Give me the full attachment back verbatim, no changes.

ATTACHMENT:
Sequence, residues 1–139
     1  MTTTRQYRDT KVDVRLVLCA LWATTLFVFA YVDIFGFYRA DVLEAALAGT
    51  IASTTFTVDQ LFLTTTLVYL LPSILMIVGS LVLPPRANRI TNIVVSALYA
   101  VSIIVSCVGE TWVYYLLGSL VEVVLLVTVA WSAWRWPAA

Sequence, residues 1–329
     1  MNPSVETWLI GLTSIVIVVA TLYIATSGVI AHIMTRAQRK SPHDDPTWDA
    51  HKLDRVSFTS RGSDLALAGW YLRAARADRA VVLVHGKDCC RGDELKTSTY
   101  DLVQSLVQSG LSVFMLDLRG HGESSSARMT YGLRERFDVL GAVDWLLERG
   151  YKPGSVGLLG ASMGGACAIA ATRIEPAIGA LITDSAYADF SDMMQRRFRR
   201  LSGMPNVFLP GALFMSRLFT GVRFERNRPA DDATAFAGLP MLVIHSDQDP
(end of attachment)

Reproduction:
Sequence, residues 1–139
     1  MTTTRQYRDT KVDVRLVLCA LWATTLFVFA YVDIFGFYRA DVLEAALAGT
    51  IASTTFTVDQ LFLTTTLVYL LPSILMIVGS LVLPPRANRI TNIVVSALYA
   101  VSIIVSCVGE TWVYYLLGSL VEVVLLVTVA WSAWRWPAA

Sequence, residues 1–329
     1  MNPSVETWLI GLTSIVIVVA TLYIATSGVI AHIMTRAQRK SPHDDPTWDA
    51  HKLDRVSFTS RGSDLALAGW YLRAARADRA VVLVHGKDCC RGDELKTSTY
   101  DLVQSLVQSG LSVFMLDLRG HGESSSARMT YGLRERFDVL GAVDWLLERG
   151  YKPGSVGLLG ASMGGACAIA ATRIEPAIGA LITDSAYADF SDMMQRRFRR
   201  LSGMPNVFLP GALFMSRLFT GVRFERNRPA DDATAFAGLP MLVIHSDQDP